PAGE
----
Violence in Egypt Is Focus of Hearing on Int’l Human Rights Day
House hearing examine lives of moderate Muslims, Coptic Christians & human rights abuses in war-torn Egypt
Human rights abuses against Coptic Christians, moderate Muslims and other religious minorities, and the threats to stability and peace in Egypt were among the topics of a congressional hearing held by Congressman Chris Smith (NJ-04), Chairman of the House congressional panel that oversees global human rights issues, on Tuesday, Dec. 10, the anniversary of the founding of International Human Rights Day.
“It is fitting that we are holding this hearing today, on International Human Rights Day, because we are witnessing grievous violence and other abuses directed against religious and political minorities, particularly the Copts and other Christians, about which our government and the media has said far too little—which seems to be a pattern world-wide,” Smith said. “After President Mubarak resigned in February of 2011, the world hoped for a new Egypt, a just government for all Egyptians, which would not make President Mubarak’s mistakes—but reality has been just the opposite.”
Smith said horrific anti-Christian persecutions have taken place under each of the post-Mubarak governments. “For some of these abuses, the governments bear the responsibility of inaction. For others they bear direct responsibility. In recent months, undercurrents of abuse and contempt for human dignity long existing in Egypt have turned into flash floods of violence.” Click here to read Chairman Smith’s opening remarks or click here to view video of his opening statement.
“Human Rights Abuses in Egypt,” a joint hearing before the Subcommittee on Africa, Global Health, Global Human Rights and International Organizations and the Subcommittee on the Middle East and North Africa, offered witnesses on the role of moderate Muslims, the plight of the Coptic minority and the need to protect religious freedoms. Smith’s hearing included testimonies from Bishop Angaelos, General Bishop, Coptic Orthodox Church in the United Kingdom; Tad Stahnke, Director of Policy and Programs, Human Rights First; Zuhdi Jasser, M.D., Vice Chair, U.S. Commission on International Religious Freedom; Samuel Tadros, Research Fellow, Center for Religious Freedom, Hudson Institute, and Dr. Morad Abou-Sabe, Ph.D., Professor Emeritus, Rutgers University (Former President of Misr University for Science & Technology). Click on names to read their testimonies.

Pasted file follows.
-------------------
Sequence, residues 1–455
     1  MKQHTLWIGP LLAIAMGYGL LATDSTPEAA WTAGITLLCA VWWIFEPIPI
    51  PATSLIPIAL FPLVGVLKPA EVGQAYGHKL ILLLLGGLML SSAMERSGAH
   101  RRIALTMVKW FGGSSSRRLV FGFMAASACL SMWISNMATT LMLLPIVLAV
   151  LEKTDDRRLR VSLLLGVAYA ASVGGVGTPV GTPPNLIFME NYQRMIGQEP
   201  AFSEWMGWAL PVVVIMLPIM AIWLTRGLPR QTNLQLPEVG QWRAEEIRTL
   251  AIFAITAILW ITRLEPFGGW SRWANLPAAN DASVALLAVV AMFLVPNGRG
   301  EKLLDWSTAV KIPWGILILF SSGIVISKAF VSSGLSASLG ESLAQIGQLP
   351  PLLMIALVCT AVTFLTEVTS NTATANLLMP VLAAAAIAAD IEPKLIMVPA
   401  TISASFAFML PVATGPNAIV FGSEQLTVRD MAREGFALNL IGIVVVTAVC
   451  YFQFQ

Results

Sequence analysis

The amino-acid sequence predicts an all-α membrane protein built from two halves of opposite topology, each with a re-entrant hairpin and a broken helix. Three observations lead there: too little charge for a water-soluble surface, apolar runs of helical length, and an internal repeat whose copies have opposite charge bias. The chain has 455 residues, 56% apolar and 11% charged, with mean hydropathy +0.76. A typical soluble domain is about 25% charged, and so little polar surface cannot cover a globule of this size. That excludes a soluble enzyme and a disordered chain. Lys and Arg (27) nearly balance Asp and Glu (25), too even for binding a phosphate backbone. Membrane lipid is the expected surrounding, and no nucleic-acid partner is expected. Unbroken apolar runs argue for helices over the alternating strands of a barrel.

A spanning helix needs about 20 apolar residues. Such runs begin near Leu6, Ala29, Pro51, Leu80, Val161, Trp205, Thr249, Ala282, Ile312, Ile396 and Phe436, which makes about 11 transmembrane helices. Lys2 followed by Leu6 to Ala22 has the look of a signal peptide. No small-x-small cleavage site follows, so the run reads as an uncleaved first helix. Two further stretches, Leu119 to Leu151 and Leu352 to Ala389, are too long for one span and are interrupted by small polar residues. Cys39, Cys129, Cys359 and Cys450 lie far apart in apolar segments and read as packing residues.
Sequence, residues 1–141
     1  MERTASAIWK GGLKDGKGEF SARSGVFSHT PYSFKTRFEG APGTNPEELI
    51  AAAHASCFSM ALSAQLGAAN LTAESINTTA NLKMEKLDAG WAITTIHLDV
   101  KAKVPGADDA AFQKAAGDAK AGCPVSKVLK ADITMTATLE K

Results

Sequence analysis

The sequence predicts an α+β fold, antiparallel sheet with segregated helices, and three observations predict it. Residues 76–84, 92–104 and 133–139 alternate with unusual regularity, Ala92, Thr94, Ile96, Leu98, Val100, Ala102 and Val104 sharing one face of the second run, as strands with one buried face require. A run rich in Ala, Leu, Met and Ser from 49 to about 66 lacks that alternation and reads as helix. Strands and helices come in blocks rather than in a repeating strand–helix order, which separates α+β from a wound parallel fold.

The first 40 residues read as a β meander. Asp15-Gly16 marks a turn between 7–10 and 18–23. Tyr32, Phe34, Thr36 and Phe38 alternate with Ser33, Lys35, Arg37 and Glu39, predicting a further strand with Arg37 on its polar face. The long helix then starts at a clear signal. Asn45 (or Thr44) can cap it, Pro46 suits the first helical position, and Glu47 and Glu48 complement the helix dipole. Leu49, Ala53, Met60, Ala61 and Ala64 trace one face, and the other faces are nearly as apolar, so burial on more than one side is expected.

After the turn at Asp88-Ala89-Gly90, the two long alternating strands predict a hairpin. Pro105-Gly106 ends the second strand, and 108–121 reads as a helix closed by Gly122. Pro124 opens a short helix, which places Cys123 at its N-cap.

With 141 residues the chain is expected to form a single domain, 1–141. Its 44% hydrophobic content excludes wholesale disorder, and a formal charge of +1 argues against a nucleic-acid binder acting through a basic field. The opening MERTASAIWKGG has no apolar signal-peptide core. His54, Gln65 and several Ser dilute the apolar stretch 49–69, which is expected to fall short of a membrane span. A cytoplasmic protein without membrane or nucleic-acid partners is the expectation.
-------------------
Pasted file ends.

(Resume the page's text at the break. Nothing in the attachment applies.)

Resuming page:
“The events of June 30, 2013 in Egypt, which resulted in the ouster of former Egyptian President Mohamed Morsi, were in response to the massive and unprecedented protests by the Egyptian People,” said Abou-Sabe. “Morsi’s overthrow was supported and facilitated by the Egyptian Military. Since Morsi’s ouster, the US-Egyptian relations have gone through abrupt changes that threatened and continue to threaten the special relationship between the two countries. Click here to read Abou-Sabe’s testimony.
“As Egyptian Americans, we are keen on seeing Egyptian democracy built on the same values we have in the US, where separation of Church and State is one of the bedrocks of our democracy, we aspire to have that be the system of choice for Egypt and all Egyptians,” Abou-Sabe said.
The significance of Human Rights Day and the planned hearing on the day proclaimed in 1950 by the United Nations General Assembly as ‘Human Rights Day’ was not unnoticed by Bishop Angaelos, who is in Washington to testify.
“This day was chosen to commemorate the adoption of the Universal Declaration of Human Rights, the tenets of which are at the core of this testimonial statement, and are the entitlement of every Egyptian and every member of our shared humanity,” Bishop Angselos said. “Christians in Egypt have been suffering persecution and marginalisation, even before the uprising. In its aftermath however, this suffering has intensified significantly. The frequency in attacks on Christians and other religious minority groups, their communities and places of worship is increasingly disturbing. Carried out by radical elements in society, these attacks are not merely on individuals but on the Christian and minority presence in its entirety. Those intolerant to religious minorities are partly enabled by the breakdown in law and order and the growing culture of impunity that Egypt has witnessed in previous years. Moreover, the persecution of religious minorities over the past decades has not manifest itself solely in physical attacks, but has frequently been embedded in process and policy, then translated into dealings with citizens on unequal grounds, inevitably having resulted in greater division and marginalisation. It is not only Christians who suffer marginalisation, persecution and attacks, but other religious minorities such as Bahá’is, Jews and Muslim minorities such as Sufi’s and Shiites.” Click here to read the Bishop’s opening remarks for the hearing.